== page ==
As Zaretsky points out, there is no one thread running through [Simone Weil’s] writings, a difficulty he responds to by picking out the five themes he considers most representative of her thought: affliction, attention, resistance, roots, and “the good, the bad, and the godly” (the last referring to her version of mysticism, in which spiritual apprehension was the one true source of a viable ethical life). This has the advantage of focus but, as he is aware, compartmentalizes her ideas, creating distinctions and separations whereas, more often than not, her concepts slide into and out of one another in a sometimes creative, sometimes tortured amalgam or blur…. Nonetheless, the absence of “justice” from the list strikes me as a strange omission in what I read for the most part as an informative and attentive book. Weil’s heart was set on justice. It was her refrain. A recurring principle in pretty much every stage of her writing from start to finish, the concept of justice renders futile any attempt — though many have tried — to separate Weil the mystic from Weil the activist, or Weil the lover of God from Weil the factory worker, who felt that the only way to understand the wrongs of the modern world was to share the brute indignities of manual labor, which reduced women and men to cogs in the machines they slaved for.
In a sense this is clearly true, and yet … it is odd how rarely Weil uses the word. It turns up occasionally but (to my recollection anyway) is never emphasized. She is much more likely to speak of “the needs of the soul,” the “obligations” we have to meet those needs when we see them in others, the affliction (malheur) that people experience when deprived of their most elementary needs. I think “justice” is too abstract a term for her, too denuded of relational human context, too bloodless.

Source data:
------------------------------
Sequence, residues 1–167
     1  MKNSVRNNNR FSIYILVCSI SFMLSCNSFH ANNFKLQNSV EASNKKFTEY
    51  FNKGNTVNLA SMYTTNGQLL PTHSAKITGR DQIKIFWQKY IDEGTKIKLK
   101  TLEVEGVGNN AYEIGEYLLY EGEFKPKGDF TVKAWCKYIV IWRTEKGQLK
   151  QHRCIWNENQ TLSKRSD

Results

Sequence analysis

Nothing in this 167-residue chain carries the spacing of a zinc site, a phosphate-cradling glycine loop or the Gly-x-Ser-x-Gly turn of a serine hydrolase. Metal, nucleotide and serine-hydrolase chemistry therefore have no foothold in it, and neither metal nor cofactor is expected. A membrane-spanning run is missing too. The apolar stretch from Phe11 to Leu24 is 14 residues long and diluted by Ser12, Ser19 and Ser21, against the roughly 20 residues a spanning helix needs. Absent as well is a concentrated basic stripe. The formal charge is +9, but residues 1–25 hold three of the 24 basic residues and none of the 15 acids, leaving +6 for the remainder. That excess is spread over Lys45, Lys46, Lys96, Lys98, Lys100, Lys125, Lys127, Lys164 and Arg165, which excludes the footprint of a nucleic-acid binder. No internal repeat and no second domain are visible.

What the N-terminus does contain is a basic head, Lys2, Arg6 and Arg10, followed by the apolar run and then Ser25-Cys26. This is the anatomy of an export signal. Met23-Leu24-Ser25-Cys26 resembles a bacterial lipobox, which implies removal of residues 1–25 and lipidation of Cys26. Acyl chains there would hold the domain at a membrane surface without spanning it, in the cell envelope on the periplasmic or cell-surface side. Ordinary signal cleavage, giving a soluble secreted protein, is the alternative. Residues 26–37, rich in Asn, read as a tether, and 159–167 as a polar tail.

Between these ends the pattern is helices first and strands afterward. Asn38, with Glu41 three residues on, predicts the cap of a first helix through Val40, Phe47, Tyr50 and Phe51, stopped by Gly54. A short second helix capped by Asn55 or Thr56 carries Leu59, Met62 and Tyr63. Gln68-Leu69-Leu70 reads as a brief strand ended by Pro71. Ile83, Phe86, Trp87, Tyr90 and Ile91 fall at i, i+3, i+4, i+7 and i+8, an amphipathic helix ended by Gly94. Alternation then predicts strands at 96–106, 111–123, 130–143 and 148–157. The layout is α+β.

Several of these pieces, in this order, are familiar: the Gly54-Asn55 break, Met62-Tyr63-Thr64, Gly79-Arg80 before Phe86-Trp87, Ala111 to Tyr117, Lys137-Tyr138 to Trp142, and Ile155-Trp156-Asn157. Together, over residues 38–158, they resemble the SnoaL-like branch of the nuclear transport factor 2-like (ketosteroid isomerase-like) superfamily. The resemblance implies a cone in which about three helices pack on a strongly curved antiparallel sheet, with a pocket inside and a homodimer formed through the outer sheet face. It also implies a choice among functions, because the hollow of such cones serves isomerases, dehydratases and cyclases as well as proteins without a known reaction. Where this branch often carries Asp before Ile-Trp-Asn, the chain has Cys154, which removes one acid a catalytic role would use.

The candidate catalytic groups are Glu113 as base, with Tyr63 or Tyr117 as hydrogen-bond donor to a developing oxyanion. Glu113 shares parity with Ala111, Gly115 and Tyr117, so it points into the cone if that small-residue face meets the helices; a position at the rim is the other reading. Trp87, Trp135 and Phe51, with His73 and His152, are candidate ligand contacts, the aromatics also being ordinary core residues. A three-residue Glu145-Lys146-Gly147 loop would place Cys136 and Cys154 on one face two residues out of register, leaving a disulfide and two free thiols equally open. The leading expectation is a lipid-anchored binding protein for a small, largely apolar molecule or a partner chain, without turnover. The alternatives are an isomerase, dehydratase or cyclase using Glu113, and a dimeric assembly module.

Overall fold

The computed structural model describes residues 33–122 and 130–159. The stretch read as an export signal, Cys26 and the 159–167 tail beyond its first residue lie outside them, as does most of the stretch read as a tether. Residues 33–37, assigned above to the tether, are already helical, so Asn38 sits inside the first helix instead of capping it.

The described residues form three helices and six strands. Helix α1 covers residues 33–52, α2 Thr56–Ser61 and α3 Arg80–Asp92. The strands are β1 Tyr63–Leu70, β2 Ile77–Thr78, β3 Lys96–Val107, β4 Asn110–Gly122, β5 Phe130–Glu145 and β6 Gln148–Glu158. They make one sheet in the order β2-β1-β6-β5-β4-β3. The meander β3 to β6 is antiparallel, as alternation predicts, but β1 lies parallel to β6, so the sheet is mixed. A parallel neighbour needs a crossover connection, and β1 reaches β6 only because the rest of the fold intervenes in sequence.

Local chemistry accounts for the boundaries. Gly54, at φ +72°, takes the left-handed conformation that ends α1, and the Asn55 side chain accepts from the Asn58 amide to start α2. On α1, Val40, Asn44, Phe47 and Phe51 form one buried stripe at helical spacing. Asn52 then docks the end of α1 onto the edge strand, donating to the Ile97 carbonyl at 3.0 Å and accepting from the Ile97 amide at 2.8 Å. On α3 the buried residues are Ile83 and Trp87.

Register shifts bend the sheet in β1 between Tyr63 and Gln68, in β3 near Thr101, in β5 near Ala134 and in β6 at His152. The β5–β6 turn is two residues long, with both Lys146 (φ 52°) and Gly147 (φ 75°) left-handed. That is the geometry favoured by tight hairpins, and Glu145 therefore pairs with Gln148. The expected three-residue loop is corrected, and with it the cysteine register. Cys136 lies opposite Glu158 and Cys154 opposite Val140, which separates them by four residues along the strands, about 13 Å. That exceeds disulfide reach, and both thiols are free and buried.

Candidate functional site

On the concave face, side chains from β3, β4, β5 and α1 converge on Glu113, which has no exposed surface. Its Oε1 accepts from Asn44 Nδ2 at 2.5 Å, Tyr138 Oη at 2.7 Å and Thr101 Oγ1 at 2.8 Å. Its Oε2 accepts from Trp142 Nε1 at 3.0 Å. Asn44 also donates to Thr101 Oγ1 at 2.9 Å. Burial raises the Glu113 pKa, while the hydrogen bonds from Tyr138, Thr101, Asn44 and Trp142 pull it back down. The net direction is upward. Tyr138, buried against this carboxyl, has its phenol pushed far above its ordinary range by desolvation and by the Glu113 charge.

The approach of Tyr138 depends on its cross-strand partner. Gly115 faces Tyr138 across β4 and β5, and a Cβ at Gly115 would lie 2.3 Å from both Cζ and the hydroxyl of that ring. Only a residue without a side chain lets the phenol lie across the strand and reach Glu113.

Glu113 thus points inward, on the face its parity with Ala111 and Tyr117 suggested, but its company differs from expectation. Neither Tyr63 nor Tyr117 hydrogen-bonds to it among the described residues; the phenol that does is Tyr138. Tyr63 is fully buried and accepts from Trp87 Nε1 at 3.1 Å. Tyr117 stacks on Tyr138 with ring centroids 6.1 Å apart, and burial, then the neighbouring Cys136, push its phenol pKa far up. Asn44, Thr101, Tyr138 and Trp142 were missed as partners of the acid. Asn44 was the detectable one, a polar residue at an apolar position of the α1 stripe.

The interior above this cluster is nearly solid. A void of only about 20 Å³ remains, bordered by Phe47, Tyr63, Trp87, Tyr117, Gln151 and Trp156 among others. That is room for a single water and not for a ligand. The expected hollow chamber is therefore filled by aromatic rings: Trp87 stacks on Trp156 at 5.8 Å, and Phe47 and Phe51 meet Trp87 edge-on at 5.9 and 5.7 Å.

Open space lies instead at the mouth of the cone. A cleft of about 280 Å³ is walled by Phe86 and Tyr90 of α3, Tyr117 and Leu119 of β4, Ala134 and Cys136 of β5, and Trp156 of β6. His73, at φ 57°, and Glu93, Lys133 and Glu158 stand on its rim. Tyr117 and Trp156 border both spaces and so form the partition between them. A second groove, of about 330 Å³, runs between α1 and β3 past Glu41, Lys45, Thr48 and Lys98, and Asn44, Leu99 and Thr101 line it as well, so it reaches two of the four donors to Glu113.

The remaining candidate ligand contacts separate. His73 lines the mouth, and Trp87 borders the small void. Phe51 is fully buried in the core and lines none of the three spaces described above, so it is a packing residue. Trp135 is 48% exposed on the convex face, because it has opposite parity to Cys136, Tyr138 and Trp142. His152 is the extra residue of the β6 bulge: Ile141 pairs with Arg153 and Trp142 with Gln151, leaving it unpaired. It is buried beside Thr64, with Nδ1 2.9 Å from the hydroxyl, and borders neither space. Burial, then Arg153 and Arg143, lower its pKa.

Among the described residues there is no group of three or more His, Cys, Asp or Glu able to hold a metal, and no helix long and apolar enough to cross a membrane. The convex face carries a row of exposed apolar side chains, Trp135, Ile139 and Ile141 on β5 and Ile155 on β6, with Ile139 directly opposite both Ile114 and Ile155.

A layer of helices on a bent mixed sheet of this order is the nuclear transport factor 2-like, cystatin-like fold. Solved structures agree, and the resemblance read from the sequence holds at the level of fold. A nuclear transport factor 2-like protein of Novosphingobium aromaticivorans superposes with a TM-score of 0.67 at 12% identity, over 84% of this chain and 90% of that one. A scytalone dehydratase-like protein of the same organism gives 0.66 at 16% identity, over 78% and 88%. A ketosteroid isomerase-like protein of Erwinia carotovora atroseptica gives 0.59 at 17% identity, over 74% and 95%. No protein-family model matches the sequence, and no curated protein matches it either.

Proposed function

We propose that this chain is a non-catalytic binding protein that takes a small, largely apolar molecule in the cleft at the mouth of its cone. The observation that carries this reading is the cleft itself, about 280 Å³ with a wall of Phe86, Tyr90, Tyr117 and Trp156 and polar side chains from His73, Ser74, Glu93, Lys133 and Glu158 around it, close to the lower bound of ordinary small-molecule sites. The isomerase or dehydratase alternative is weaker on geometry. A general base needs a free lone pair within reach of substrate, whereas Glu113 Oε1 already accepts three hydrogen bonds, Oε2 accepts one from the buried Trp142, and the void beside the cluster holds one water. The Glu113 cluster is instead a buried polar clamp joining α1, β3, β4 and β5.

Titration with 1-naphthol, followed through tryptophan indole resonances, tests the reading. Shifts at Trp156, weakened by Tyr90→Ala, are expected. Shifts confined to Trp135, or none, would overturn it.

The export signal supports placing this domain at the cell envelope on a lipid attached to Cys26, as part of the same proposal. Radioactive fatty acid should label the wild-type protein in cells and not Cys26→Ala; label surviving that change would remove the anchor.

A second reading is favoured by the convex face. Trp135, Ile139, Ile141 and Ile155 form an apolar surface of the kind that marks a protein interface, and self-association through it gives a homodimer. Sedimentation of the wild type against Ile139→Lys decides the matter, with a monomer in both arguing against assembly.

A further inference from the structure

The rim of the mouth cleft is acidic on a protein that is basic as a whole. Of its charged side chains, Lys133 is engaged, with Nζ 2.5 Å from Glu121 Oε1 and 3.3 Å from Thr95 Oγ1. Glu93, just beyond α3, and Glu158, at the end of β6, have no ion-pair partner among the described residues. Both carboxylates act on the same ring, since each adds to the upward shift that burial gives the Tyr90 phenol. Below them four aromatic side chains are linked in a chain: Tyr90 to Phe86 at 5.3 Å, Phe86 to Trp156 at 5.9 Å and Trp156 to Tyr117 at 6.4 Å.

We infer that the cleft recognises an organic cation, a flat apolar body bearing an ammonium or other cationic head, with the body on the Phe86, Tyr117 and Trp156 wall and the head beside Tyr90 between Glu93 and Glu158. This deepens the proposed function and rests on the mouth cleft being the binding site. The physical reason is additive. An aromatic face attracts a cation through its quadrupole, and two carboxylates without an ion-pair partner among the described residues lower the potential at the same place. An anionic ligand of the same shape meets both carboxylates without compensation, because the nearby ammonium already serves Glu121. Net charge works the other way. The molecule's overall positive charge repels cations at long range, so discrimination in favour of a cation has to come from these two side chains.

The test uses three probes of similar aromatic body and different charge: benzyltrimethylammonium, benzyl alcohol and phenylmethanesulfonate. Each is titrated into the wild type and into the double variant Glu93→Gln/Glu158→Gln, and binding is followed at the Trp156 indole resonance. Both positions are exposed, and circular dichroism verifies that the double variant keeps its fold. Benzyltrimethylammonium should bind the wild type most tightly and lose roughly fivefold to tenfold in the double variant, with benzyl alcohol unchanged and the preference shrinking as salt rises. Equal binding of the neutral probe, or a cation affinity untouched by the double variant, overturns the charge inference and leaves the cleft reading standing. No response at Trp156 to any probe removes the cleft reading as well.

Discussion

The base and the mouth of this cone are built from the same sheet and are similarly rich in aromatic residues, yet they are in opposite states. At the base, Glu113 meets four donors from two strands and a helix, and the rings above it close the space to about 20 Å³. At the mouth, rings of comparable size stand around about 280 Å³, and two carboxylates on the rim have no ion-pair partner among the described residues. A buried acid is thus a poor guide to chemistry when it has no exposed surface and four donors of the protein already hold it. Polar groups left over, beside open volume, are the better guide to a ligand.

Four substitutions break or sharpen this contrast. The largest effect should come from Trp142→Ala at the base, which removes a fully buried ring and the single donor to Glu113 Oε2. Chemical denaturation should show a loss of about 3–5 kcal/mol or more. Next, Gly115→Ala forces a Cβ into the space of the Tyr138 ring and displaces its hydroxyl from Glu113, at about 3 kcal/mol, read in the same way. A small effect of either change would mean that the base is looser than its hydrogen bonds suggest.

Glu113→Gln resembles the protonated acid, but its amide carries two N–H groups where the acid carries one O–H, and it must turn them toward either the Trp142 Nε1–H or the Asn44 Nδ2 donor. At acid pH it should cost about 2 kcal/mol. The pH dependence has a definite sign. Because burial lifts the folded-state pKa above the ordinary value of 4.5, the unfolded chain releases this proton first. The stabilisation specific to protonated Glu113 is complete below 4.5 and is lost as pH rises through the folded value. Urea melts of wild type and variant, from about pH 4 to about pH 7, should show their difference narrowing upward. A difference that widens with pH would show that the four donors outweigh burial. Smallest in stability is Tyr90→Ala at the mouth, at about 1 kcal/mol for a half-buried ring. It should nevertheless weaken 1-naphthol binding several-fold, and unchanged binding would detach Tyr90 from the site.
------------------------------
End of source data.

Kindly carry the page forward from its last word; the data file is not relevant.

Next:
And if I am right about this, then Weil by avoiding the language of justice makes an important point about how impoverished our usual understanding of justice is. It’s common today to think of justice (or the word that now often replaces it, “equity”) as a condition, a state of affairs, whereas Weil — despite the shocking anti-semitism that defaces her character, something I write about at some length in The Year of Our Lord 1943 — is clearly profoundly influenced by the Jewish understanding of justice (tzedek) and charity (tzedakah) as commandments. One must act justly and charitably. Similarly, in New Testament Greek dikaiosuné may be translated as “justice” but also as “righteousness” — a virtue, a divine virtue.
(It’s interesting that in common parlance today “equity” is treated as a synonym for justice, and is implicitly or explicitly contrasted with equality, which while giving the appearance of justice may in fact, so the argument goes, be a means of denying justice. In ancient Greek, equity [epieíkeia] is typically seen as a kind of moderation of the demands of justice [dikē] — in the Nicomachean Ethics Aristotle says we need equity to judge individual cases rightly, because all laws are defective insofar as they are, necessarily, general and therefore not ideally matched to every individual case. In New Testament Greek to be epieikés is to exhibit mildness, gentleness. Paul instructs the Philippians to “Let your moderation [epieikés] be known unto all men.”)
So maybe there are reasons why Weil doesn’t often speak of justice, but rather of our obligations, and the virtues or dispositions that make it possible to carry out those obligations; also of the guilt we ought to feel when we do not offer to people what they are owed — when we fail those who suffer. All of this is miles and miles away from how people speak of justice and equity today.